Thursday, December 29, 2005

Nino's bakery in Albany

Today, a rainy, dreary late December day, on the way back from the Honest Weight Food Co-op, my husband and I stopped at a tiny hole-in-the-wall bakery called Nino's, on King Ave., right off Central (their official address is 718 Central Ave., but the customer entrance is on King.) It's holiday season, and they're bustling in there: phone was ringing, somewhat hassled-looking guy was alone operating the storefront, which seems to be a small fraction of the large warehouse-like bakery space behind.

They have really authentic Italian pastries: cannoli (in the back-- you have to ask special!), lemon cookies, other assorted cookies, breads, and these amazing almond biscotti that are unlike any others, but a wonder unto themselves. These biscotti are more eggy than others (the ones I make at home are crunchier and drier), but they taste fresh and have just the perfect chew : crunch ratio. I could probably eat an entire dozen of them if I wasn't thinking about consequences.

Nino's seems to do a lot of their business with commercial customers, but don't miss this little gem of a bakery right across from the dreaded Dunkin Donuts and OTB racing center. They even had taralli when I first visited back in August or so (taralli are little donut-shaped Italian crackers to go with wine-- simple but delicious, and some are baked with herbs. They are boiled then baked, so it's the kind of thing I'd rather someone else make. If I get desperate enough and try to make them myself, I'll post about it here). They also sell taralli at the St. Anthony's festival in Schenectady around August, which is when I first got the idea I might be able to find them lurking in one of the several old-fashioned Italian bakeries around here.

Wednesday, December 28, 2005

Indian food

The Capital District is a great place to be if you are a vegetarian like me and you love Indian and Middle Eastern food.

If you love Indian food and haven't yet been to Karavalli on Johnson Road in Latham, you must go! The web site doesn't do it justice, because the decor is fresh, cheerful and modern, yet still Indian in style. Their menu is online in case you are skeptical. The service is attentive, and you will find it pleasantly full of patrons-- yet not offensively so.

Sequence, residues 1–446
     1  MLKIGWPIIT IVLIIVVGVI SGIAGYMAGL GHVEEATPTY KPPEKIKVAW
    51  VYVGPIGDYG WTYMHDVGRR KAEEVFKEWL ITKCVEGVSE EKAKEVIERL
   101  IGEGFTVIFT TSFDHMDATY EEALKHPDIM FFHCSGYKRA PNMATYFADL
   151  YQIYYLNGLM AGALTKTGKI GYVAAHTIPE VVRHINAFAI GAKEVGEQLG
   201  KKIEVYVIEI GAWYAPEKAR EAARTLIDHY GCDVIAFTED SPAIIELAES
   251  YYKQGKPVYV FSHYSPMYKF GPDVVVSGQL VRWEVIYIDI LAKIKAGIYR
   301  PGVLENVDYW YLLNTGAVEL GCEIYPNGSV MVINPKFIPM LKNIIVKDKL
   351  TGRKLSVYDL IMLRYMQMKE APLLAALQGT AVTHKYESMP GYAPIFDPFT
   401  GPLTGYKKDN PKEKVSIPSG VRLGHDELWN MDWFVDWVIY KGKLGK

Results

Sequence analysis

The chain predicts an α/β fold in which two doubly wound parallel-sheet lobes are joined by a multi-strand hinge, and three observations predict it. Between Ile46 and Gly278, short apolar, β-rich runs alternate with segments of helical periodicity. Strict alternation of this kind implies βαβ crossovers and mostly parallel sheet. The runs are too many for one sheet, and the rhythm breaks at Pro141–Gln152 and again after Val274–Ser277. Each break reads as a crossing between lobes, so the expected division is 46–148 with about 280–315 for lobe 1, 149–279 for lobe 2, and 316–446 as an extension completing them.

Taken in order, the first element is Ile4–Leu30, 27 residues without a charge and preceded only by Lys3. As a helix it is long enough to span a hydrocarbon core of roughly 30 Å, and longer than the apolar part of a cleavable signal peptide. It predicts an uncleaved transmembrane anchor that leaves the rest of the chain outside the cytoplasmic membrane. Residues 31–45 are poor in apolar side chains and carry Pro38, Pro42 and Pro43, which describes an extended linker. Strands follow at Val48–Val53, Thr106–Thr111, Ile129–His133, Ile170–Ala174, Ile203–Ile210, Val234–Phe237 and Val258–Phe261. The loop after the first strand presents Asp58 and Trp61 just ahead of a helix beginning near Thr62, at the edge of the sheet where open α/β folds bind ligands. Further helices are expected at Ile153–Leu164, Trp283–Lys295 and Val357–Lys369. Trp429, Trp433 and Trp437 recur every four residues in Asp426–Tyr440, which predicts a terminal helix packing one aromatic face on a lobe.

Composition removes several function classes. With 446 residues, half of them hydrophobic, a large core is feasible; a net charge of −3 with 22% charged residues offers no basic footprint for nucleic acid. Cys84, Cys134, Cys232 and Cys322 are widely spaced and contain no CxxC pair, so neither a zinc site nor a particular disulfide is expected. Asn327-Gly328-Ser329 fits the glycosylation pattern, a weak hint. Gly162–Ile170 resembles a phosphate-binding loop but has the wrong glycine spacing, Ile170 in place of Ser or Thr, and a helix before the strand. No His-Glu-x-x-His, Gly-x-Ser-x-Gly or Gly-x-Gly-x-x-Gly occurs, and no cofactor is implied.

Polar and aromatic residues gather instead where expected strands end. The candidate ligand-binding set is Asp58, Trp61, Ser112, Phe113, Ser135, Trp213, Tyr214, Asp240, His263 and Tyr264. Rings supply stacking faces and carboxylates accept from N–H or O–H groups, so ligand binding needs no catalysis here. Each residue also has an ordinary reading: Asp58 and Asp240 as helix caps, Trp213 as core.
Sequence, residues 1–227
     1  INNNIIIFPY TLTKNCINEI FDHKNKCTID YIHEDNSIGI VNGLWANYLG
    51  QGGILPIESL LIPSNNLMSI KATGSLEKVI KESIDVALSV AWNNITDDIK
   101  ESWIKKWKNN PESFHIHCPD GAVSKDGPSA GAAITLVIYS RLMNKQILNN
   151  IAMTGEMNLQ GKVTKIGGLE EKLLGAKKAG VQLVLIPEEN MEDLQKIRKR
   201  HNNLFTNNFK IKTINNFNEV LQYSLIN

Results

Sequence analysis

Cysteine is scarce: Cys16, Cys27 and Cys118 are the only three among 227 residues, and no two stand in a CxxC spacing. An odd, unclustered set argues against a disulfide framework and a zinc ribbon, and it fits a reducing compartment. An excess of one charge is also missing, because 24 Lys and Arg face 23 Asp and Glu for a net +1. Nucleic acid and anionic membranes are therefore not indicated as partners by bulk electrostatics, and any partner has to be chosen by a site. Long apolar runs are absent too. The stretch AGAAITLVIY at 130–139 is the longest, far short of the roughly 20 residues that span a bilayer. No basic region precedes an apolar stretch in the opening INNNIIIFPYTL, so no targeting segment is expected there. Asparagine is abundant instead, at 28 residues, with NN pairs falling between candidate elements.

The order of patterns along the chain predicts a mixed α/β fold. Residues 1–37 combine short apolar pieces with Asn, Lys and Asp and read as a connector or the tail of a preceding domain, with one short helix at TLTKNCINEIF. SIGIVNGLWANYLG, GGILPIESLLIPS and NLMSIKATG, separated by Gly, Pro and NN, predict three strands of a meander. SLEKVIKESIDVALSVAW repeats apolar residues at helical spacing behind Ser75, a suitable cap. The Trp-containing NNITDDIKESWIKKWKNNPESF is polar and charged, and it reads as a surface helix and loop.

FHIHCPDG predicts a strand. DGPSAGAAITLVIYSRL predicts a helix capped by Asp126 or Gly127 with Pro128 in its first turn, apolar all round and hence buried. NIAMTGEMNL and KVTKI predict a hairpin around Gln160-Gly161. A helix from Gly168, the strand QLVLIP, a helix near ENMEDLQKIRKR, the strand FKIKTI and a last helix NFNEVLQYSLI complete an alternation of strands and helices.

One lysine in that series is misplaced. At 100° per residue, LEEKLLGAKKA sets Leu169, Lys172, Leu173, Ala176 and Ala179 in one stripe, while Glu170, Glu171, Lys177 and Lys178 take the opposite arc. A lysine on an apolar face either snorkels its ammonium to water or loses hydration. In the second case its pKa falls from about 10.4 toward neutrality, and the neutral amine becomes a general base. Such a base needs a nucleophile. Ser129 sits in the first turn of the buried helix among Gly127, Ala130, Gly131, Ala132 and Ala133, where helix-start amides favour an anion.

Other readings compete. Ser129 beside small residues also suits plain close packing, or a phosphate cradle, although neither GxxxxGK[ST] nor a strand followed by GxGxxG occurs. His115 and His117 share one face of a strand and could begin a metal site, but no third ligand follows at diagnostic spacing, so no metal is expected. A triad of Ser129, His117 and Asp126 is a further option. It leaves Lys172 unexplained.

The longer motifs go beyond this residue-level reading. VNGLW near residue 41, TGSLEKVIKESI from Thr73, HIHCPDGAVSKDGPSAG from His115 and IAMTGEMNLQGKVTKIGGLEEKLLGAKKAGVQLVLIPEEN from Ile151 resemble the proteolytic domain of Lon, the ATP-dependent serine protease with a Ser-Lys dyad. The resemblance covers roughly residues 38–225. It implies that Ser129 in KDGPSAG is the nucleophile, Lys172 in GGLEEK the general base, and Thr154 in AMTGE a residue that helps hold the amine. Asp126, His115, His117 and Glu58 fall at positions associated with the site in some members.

Tonight I went there with my husband and his mom, and we had: Idly (dome-shaped dumplings served with yummy sauces); garlic naan (goodbye cold viruses and all but my best friends!!); chai masala teas; vegetable korma for my mother-in-law; vegetable Chettinadu for me (an actual cinnamon stick was presented on top); and malai kofta for my husband. Everyone was happy with their meal.

But the piece de resistance, for me was, is, and always will be the lemon pickle. It is hot, it is sour, it tastes of the essence of lemon, and I could actually eat a whole bowl of it. It is lemon as you've never had it before: forget lemonade, forget lemon chiffon pie. Lemon pickle is the only real, true lemon: the Platonic ideal of lemon. It clears the head and the sinuses almost instantly, and transports me to a place where lemon trees grow in abundance (not Latham, New York) and where food is multifaceted, real, and passionate (i.e., some other country besides this one, which is going to hell in a big-box chain restaurant). NB: they have lemon pickle at the affordable and delicious lunch buffet, and you can get as much as you want. Truly, it's heaven!

Other Indian restaurants of note around here are:

  • Shalimar, which has two locations, one on Fulton Street in Troy, and one on Central Ave. in Albany- Decent, homey American-style Indian food with an inexpensive lunch buffet. This restaurant is popular with RPI students and profs., and has been a downtown Troy standby for years.
  • Latham Biryani, on Route 9, near Newton Plaza- also a homey atmosphere (read: somewhat drab but comfortable) with what some friends of ours claim is slightly spicier food than Shalimar.
  • The Sitar- I haven't been here in a while, but it has a slightly jazzier atmosphere than the above two restaurants, but about the same quality of food (basic American-watered-down Indian).
  • Thunder Mountain Curry- Not a restaurant, but a mobile eatery you can find often (but not always) at the Troy Farmer's Market and sometimes on Fifteenth Street in front of the RPI campus center building. If Thunder Mountain Curry was a restaurant, they would probably best Karavalli (ohmigod, did I just say that?!?!) even though they are run by gringos. I say this only because their food is less greasy (there is practically no grease, well, okay maybe the pakoras, which are deep fried, have a slight shine, but they are supposed to!), and the chutneys and sauces are a marvel, all home-made.

Dining in and around Troy, New York

I'm starting this web log because there is a dearth of honest, hearty information about restaurants, groceries, and bakeries in the Capital District. is great, but it takes forever to load their pages. I like my food (and reviews) served fresh!

I also intend to write about other good shopping venues (clothing, antiques, and books are my main staples) and finds in this area.

Since this is my first blog, I'm not yet sure if I will write book reviews and related literary musings here, or if I need to start another blog for that.

For now, I remain yours humbly
blogista bija